I used to call the months between the end of the college basketball season and the opening of NFL training camps as “The Sports Void” because I’m not a tremendous hockey or baseball fan. It hasn’t been that bad of late, with both the Penguins and Pirates fielding competitive teams over the past two years, but the pleasure in the home team winning more than they lose is not the same as the passionate fanaticism I feel for my favorites.
The local catchphrase is: It’s a ‘burgh thing, you wouldn’t understand, and a lot of people don’t. I caught it from my grandmother, who had a chronic case, through my mother, who seems to have a limited immunity. I was pleased, when I met my wife, to find she also was a carrier–no guilt from infecting her. The jury is still out on my children who, with a rigorous academic load and their own athletic endeavors to take up their time, often find Sundays to be their only hope of free time during the fall and winter. But it’s in them. They were toddlers when the Steelers cut Kordell Stewart and I had to break the news. Their tears broke my heart…but a few years later, when a new quarterback, and a new roster won the Super Bowl, they joined us driving through the streets after the game, honking the horn, high-fiving drunken college students in the street, and having our “Steel Nation” flag from the back seat of the car.
In many ways it’s a new team–only a hand full of players who were on the team two years ago are returning, the natural result of players aging combined with a pair of consecutive mediocre seasons. The young guys are the old guys now, and the new young guys are a mystery. At this point in the pre-season, hopes are high, every team a contender, and as much as we look towards wins and losses a lot of us are hooked by compelling “small” individual stories.
I’m cheering for 3rd year middle linebacker Sean Spence. When Spence arrived 2 seasons ago, a slightly undersized player whose quickness and intelligence was reputed to be more than enough to compensate for his size. He quickly distinguished himself on defense and had an excellent shot to replace the venerated James Farrior, one of the bulwarks of the team. It never happened. Early in his first pre-season game, Spence hyper-extended his knee, tearing all major ligaments, dislocating his kneecap, and sustaining nerve damage. The question was not “will he play football again,” but “will he walk without a serious limp?”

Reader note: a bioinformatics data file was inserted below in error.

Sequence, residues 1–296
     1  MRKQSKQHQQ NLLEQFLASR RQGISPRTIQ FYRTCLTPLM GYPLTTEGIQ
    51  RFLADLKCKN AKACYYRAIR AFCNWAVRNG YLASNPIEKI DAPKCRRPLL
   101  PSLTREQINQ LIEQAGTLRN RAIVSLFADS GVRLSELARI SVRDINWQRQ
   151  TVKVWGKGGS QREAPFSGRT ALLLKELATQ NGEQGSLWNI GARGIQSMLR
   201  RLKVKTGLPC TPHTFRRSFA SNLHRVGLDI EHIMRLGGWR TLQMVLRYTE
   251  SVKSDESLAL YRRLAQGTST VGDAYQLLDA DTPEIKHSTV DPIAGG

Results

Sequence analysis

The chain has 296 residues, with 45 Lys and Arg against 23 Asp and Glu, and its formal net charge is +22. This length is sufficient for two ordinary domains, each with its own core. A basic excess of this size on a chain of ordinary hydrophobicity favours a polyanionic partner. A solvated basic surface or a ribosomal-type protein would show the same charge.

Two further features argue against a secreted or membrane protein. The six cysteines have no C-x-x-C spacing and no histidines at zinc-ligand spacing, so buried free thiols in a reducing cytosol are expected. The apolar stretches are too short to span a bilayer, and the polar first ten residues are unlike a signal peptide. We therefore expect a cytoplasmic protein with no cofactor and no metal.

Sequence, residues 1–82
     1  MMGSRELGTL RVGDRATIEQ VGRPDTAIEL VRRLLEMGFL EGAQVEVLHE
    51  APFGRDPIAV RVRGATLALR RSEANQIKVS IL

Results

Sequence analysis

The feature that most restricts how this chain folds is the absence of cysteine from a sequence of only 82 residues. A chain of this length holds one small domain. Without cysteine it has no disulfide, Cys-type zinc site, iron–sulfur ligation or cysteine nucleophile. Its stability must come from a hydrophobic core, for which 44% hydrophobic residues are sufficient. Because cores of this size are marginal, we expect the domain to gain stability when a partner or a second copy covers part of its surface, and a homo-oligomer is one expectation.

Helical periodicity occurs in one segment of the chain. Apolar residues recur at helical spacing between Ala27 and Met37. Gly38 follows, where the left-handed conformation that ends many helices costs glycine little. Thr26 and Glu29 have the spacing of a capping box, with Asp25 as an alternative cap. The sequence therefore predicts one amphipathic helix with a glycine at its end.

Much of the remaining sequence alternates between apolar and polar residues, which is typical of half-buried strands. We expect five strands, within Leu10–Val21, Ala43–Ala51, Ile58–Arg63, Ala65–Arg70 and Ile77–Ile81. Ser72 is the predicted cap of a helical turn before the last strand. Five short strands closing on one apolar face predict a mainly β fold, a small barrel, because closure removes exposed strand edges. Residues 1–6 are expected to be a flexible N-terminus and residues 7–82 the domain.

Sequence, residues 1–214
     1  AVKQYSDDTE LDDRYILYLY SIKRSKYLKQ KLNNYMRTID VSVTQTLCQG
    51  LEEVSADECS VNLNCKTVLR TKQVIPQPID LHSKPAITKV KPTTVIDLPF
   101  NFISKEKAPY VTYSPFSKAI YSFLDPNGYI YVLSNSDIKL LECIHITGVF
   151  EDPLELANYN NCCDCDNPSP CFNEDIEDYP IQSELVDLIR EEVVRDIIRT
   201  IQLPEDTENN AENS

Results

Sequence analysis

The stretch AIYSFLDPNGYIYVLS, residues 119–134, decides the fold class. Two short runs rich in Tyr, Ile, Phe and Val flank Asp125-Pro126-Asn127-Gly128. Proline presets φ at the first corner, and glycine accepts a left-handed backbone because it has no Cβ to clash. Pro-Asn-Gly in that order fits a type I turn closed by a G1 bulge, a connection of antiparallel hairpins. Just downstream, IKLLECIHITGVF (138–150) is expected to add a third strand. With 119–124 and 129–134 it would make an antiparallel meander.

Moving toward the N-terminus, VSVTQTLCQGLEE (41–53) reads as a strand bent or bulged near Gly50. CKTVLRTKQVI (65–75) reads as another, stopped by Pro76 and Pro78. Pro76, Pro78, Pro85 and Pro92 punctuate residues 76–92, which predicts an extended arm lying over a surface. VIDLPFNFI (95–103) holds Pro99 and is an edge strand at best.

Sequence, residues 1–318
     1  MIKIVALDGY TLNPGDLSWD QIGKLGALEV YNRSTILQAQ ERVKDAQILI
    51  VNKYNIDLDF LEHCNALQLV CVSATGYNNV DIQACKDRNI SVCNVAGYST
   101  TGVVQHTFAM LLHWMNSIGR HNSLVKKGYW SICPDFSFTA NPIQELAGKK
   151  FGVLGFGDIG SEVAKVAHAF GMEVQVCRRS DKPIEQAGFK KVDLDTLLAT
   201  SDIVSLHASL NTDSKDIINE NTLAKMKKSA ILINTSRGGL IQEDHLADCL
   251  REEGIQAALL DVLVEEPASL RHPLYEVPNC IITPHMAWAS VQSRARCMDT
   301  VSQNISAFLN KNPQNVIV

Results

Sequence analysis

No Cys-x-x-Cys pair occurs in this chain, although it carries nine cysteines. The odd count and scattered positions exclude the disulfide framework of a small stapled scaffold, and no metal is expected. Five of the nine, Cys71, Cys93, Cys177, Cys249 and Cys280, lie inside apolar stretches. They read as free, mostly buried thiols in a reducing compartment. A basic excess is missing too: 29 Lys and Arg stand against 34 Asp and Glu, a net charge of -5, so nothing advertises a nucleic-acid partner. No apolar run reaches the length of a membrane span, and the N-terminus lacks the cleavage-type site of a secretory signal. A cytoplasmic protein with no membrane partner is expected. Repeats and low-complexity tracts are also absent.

Two hard years of rehabilitation later and Spence is not just walking, he is back in camp and looking to carve a place for himself in the “new” Steelers defense and create some interesting dilemma for the coaches. The Steelers have used high picks on heralded linebackers in the past two drafts, looking to replace aged long-time starters Larry Foote and David Woodley, who could no longer keep the pace. Spence will be competing with this year’s first round draft pick, Ryan Shazier, for the spot beside Lawrence Timmons, one of the best in the game. If he succeeds in regaining the ground he lost, and the other young players establish themselves, the Steelers will have one the of the best young linebacking corps in the league. It’s exciting.
Of course, as far as I’m concerned, Spence has already won. The effort and determination it has taken for him to overcome an injury that has left other people crippled for life boggles the mind–forget about reaching the level where he can actually compete at an NFL level practice. This also speaks well of the Steelers, who had Spence’s back and kept him on the roster for two years when most teams would have cut their losses, arranged for an injury settlement, and moved on. That wasn’t cheap, but it’s what we’ve come to expect from the team, and why many of us who grew up in the region feel so strongly about the Black and Gold. In an age of sports owners like Dan Snyder of the Redskins, or the Clippers’ Donald Sterling, it is refreshing to see “the Steelers way” in effect–a professional sports team run like it’s part family business, part community asset.
Finally, I lifted these from another page, to give an indication of how most Steelers fans are thinking: